He glared at the referee again in R10 as their tense game of cat-and-mouse continued, but not for much longer. Usyk landed the cleaner punches throughout, while Joshua’s work was often sloppy despite possessing more knockout power by comparison. It could’ve ended worse still.
Staying light on his feet and continuing the pressure as they exchanged in the pocket, Joshua jabbed his way back towards centre ring during a competitive R11 but Usyk remained on top.
The disparity between the pair was stark in the final round, as Usyk outworked the champion whether they engaged in close or boxed at a distance – the 31-year-old’s wobbly legs returned and he was truthfully fortunate to see the final bell: Usyk increasing his output in the final stages.
The scene afterwards rather spoke volumes: Usyk with his head down, centre ring, saying a prayer as multiple people were attending to Joshua… who still hadn’t got off his stool to finish.
Analysis as usyk usurps joshua, playing party pooper perfectly
Whether he showed his fellow Olympic gold medallist too much respect or just started sluggishly, it took Joshua far too long to problem-solve and make the necessary adjustments against a superior technical boxer who happily seized the initiative early on.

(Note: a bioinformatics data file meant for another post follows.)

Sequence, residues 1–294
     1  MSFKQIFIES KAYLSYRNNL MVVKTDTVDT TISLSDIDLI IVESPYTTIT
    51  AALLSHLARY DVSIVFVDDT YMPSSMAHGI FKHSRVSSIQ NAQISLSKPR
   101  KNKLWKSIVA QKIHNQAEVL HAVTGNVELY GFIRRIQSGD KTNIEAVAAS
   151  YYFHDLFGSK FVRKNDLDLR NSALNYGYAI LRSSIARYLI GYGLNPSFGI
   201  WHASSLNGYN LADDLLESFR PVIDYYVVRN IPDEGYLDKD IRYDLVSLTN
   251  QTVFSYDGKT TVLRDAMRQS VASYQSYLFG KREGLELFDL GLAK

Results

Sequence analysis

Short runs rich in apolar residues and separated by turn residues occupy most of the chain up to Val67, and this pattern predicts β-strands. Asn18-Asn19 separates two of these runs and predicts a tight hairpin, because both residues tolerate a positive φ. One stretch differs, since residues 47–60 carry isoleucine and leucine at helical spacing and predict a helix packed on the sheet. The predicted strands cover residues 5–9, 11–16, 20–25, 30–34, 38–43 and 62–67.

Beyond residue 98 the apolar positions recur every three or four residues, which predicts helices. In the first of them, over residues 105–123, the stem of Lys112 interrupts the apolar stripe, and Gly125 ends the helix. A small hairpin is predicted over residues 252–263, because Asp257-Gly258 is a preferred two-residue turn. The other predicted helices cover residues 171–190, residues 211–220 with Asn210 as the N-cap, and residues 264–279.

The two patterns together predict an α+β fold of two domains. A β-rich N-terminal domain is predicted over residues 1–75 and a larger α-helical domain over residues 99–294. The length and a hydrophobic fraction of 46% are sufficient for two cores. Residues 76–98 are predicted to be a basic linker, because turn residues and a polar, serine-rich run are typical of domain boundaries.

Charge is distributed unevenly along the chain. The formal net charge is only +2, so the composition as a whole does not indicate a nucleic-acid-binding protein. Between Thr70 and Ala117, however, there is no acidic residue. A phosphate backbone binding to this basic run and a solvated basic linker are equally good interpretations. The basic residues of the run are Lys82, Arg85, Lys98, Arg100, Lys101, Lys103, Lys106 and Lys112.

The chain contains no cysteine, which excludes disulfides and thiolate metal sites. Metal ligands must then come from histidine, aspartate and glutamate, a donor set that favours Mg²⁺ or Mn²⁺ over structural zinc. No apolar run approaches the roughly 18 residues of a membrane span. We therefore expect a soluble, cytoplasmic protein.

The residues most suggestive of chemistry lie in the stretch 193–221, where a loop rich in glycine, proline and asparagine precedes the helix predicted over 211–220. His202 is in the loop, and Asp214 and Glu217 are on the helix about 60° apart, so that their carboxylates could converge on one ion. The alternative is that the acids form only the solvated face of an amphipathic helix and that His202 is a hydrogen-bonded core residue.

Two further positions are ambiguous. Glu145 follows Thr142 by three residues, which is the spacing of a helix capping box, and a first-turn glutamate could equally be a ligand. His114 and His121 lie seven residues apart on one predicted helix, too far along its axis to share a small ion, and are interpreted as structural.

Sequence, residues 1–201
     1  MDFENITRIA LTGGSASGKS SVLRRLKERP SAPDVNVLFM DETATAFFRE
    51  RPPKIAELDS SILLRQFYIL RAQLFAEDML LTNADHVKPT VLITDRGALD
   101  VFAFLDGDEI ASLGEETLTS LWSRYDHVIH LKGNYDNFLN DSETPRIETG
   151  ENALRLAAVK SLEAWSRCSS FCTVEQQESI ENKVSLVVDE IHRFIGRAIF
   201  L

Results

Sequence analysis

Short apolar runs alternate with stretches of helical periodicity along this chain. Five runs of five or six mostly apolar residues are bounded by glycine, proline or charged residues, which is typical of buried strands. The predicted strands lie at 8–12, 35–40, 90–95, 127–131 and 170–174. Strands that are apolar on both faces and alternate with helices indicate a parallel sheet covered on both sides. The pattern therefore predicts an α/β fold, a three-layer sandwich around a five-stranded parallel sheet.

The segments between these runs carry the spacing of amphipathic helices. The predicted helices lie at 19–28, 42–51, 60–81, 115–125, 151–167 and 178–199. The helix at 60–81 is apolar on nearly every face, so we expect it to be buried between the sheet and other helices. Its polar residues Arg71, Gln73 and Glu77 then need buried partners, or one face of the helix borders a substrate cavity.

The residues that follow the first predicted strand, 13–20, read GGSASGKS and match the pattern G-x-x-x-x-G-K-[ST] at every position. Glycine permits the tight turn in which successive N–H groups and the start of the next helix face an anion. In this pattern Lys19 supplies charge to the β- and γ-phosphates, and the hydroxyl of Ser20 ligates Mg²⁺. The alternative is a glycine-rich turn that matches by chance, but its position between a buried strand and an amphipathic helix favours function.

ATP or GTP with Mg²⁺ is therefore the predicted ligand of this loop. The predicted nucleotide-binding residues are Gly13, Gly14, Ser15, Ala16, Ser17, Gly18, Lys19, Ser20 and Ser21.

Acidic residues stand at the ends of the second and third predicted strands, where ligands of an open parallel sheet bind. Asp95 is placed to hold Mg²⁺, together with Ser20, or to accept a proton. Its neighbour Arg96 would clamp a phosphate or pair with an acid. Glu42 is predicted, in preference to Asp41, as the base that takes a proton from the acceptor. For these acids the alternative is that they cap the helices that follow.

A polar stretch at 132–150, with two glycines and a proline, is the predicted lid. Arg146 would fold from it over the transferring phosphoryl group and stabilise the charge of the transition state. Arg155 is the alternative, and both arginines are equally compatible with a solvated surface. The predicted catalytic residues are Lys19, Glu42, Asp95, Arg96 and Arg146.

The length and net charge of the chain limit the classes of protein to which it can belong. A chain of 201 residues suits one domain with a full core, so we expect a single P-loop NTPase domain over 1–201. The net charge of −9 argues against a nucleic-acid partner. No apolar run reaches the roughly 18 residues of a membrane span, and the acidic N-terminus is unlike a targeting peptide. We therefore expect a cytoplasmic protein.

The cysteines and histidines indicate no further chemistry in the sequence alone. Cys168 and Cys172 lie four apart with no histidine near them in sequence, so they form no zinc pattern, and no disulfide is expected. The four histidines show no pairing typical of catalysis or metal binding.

Pre-fight, Tony Bellew and Dillian Whyte – who have intimate history with both men – stressed the importance of Joshua making his presence felt and getting Usyk on the defensive early on.
The former actually mentioned his gritty domestic duel against Whyte in 2015, as the type of fight this would need to be, if Joshua was to have the best chance of success.
Thing is, Usyk let Derek Chisora get close to him and tested himself. We’ve seen the extent of Joshua’s speed and footwork but it wasn’t on display until he was already comfortably behind.
In the end, he tried to outbox a more technical opereator and fell well short. Many said this was an off-colour display, but one has to wonder whether the scar tissue from his Andy Ruiz defeat remains, especially given he was hesitant to let his hands go with the same vigour he once did.
Joshua will likely exercise his rematch clause, but Usyk is no Ruiz. He too will have learned plenty from this experience and can replicate it, whether it’s on enemy soil again or not.
Judging by the post-fight verdict by fans and critics alike, the 34-year-old’s display has finally earned him the long-awaited credibility his cruiserweight resume deserved.
It’ll be interesting to see how Fury-Wilder 3 unfolds on Oct. 9 but there are many new questions that have emerged after an evening where Joshua was dethroned for a second time: the manner of the first was genuinely shocking, whereas there was a sense of foreshadowing in this instance.
Elsewhere on the prelims, there were emphatic knockout victories for WBO cruiserweight champion Lawrence Okolie vs. his mandatory Dilan Prasovic (R3, 1:57) and a returning Callum Smith – who moved up to light-heavyweight, scoring a scary KO finish against Lenin Castillo.
Picture source: Getty Images